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Starting a company is a dream for most people. The idea of working for yourself and building true wealth is the American dream. Unfortunately, a lot of people don’t let this dream come to pass for a number of reasons. Sometimes it’s a situational occurrence that deters you and other times it is simply a lack of training or will. If you have thought about starting a company or ever had an idea that you would like to see on shelves then check out these three steps to starting a company.
 
1) The Idea
 
 
I think it goes without saying that you need a good idea to start a company. This is the easy part. Go out into the public and start listening to people complain. You will be surprised how many problems you hear when you open your ears in the grocery store or at Macy’s. I was recently at the airport in Philadelphia after being in Manhattan for a conference. Out of the corner of my ear I heard the sound of a printer for about two minutes - nonstop. In this day in age you should not hear a printer going off for that long, so I asked the attendant what she was printing. Turns out the pilot’s directions are printed on paper! Yes, that’s right, the person that is flying me across the country has printed directions! I was absolutely flabbergasted when I found out what they were using this for – but hey – could this be a business idea? Imagine how much money they spend on ink and paper per hour, day, week, year, etc. The next step is to form that idea into a potentially viable business model. This is where you think about and research the traction this product could have, the size of the market, the potential pitfalls, how to make it, where to sell it, etc. Is there a reason the airline prints the directions instead of transmitting them digitally? Is it due to cost? Is it because of the potential error that could occur while transmitting the directions digitally? These are all questions you should be asking once you spot out the problem. Once all of these questions are answered, or at least hypothesized you are ready for the next step.
 
2) Form a Team
 
 
One of the most misunderstood concepts of starting a company is the value of a team. You may be the smartest person in the world, but you will always need a partner or two to complement you. For me, this came in the form of a software developer and designer. I can take an idea and map out every aspect of a business model. I can find out how to market the product, how to sell it, how to innovate and conceptualize the product, how to get investors, how to bring on other team members, but when it comes to actually building the product – I am clueless. This is what my business partners are for. They know I am good at what I do and I know they are good at what they do. It is this type of relationship that is conducive to startups. I recently brought on two new team members to help with sales. This is due to the fact that we have such a limited time frame to capture the market. I know I cannot do this myself. There are too many competitors and not enough time, so I hired two new sales team members to help out. Forming a team is not a sign of weakness but rather a sign of strength. I know I cannot do it all and I will not act like I can.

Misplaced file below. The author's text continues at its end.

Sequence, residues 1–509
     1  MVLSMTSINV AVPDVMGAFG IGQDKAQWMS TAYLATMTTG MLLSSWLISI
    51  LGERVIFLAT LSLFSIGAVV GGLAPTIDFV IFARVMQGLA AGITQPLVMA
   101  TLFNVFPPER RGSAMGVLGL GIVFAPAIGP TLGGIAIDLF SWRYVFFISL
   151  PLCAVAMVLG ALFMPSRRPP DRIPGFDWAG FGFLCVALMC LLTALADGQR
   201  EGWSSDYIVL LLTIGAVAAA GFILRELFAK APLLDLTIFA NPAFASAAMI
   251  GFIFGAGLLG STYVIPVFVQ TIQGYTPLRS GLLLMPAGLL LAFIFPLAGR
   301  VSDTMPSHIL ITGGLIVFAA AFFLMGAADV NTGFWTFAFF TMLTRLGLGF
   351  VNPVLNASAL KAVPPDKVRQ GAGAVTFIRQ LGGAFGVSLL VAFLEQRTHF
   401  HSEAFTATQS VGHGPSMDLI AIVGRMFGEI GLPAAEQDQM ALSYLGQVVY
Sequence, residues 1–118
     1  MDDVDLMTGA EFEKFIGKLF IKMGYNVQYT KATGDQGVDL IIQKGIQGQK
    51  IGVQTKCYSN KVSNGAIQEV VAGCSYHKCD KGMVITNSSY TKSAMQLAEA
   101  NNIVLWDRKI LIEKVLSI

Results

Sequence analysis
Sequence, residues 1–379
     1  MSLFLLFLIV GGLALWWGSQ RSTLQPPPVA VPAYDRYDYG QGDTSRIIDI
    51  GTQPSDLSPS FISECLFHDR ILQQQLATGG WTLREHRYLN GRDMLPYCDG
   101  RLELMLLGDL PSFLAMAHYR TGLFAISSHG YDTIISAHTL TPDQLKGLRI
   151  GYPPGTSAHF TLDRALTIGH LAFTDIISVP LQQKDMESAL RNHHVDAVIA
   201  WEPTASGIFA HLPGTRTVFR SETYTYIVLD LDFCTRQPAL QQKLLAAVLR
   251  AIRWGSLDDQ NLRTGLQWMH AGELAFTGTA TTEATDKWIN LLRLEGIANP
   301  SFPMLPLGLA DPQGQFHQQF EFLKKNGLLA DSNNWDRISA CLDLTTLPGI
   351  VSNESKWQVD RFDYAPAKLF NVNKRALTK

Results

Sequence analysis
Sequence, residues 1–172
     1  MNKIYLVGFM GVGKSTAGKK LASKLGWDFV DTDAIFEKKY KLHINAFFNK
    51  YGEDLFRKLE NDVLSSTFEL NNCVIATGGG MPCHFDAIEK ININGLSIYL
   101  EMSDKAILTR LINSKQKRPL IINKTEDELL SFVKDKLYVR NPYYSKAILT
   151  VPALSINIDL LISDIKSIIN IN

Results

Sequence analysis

3) Execute
 
 
I don’t care if you have the best idea in the world. You could have thought of Facebook, Google, or even Microsoft before it existed. Did you act on it? Did you form it into a business? People say that Zuckerberg stole the idea for Facebook and maybe he did, but hey – did the Winkelvoss twins act on the idea and turn it into a business? Did they head out to the West coast to get investment from Peter Theil, or bring on Sean Parker to make introductions? Sure they could have, but so could have my mother. It doesn’t mean they did. The single most important thing you can do to start a company is to actually do it. It sounds basic but so many people think having the idea and talking about it is what it’s all about. I remember coming up with the idea for a VCR to be combined with a TV when I was 7. Did I act on it? Nope. And guess what – about a year later I had one of those TVs with a VCR attached. Instead of making money on it I was the one spending money on it. If I would have acted on that idea maybe I would have been the one partnering with RCA. In my lifetime I have had countless ideas that I have not acted on and in return someone else was made rich because of it. More power to them. They did what I did not. I still continue to have ideas that I cannot act on due to the fact that I am focused on Crowdentials full time. This does not bother me so much anymore (refer to the flight idea in step one) due to the fact that I have an idea and company that I love. If you have come up with an idea and partnered with people to combat your weaknesses, get out there and make it happen. Otherwise someone else will.
 
Written by Richard Rodman, CEO at Crowdentials
 

 

 


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